Opera Philadelphia has steadily built its reputation over the last decade as one of the top-tier companies in the world for commissioning (and co-commissioning) new works. In 2017, the nonprofit company launched its new programming model, with an ambitious—and wildly successful—fall festival called O17.
Understanding the mechanisms of violated expectations in music elucidates some of the basic functions of learning, memory, and our perception of time. Along with enhancing our understanding of music, the study of how we process expectations, and learn to revel in ambiguity and uncertainty, is important in understanding how we appreciate many aspects of art and life that involve solving puzzles and deciphering codes, from poetry to painting, science to math.
“At the end of Rattle’s 16-year tenure as music director of the orchestra, their relationship is not unlike a couple that’s been married for too long. … ‘The orchestra doesn’t look at him anymore,” one string player familiar with the situation in the orchestra said. … Rattle is ‘the nicest and most diplomatic guy on the planet,’ [a] former member of the Karajan Academy said. ‘But particularly with this orchestra, if the conductor isn’t demanding something bigger than themselves, it’s a free-for-all.'”
“Local cynics will contend that Miami can never support a professional symphony orchestra, either financially or in terms of a regular audience. Yet … Miami today is a very different place than the city was when the Florida Philharmonic ceased operations nearly fifteen years ago. … There is clearly a new audience in place for concerts in downtown Miami as the Cleveland performances have proved. Unlike in past decades, Miami now has a first-class performing arts facility.”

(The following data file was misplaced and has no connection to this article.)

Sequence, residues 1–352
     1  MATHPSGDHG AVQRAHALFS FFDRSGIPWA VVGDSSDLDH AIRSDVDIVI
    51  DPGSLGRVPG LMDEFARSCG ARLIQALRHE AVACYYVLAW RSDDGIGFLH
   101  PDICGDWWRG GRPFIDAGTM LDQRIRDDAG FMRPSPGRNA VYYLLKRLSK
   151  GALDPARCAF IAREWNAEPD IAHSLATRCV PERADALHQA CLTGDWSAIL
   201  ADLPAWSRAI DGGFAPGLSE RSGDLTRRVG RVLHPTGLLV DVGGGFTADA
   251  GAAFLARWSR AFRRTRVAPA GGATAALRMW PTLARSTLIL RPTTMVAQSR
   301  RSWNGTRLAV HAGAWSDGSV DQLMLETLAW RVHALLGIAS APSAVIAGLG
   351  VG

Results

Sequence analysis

At a Cannes Lions presentation this week, Live Nation unveiled the results of the experiment and, unfortunately for music-loving homebodies, they show that dragging yourself to a concert on a Friday will result in three times more emotional intensity than listening to a recorded album alone in your bedroom, wearing sweatpants and eating Wheaties.
Employer contributions to a residuals fund for musicians whose work is heard on the big and small screens hit a record $100 million last year, according to the latest report from the Film Musicians Secondary Markets Fund. Last year, the fund distributed more than $81 million to 17,000-plus musicians but is holding more than $5 million in unclaimed checks for more than 6,000 musicians for whom the fund has no current address or contract information.
Imagine the following scenario. A teacher in a German Musikhochschule is offered a paid week in a sunny resort. All she has to do is listen to hopefuls for a few hours a day and pick a winner from a list of students of the professor who invited her. If she plays ball, the chairman might let one of her pupils take the fourth prize. The rewards would swiftly follow. As a teacher of an international prize-winner, our anonymous friend might then be able to double her private fees and promise all future students that they will have prizes.
The future for jazz looks challenging, particularly as it is overtaken by (or absorbed) into hip hop, R&B or pop. Playing-gigs as well as teaching-gigs may become harder to come by. On the other hand, Berklee College of Music seems to be an agile institution, constantly making adjustments in its outreach, going outside the US to draw students, and updating its curriculum to include teaching digital technology and recording in order to reach young people who may have little knowledge of or interest in jazz.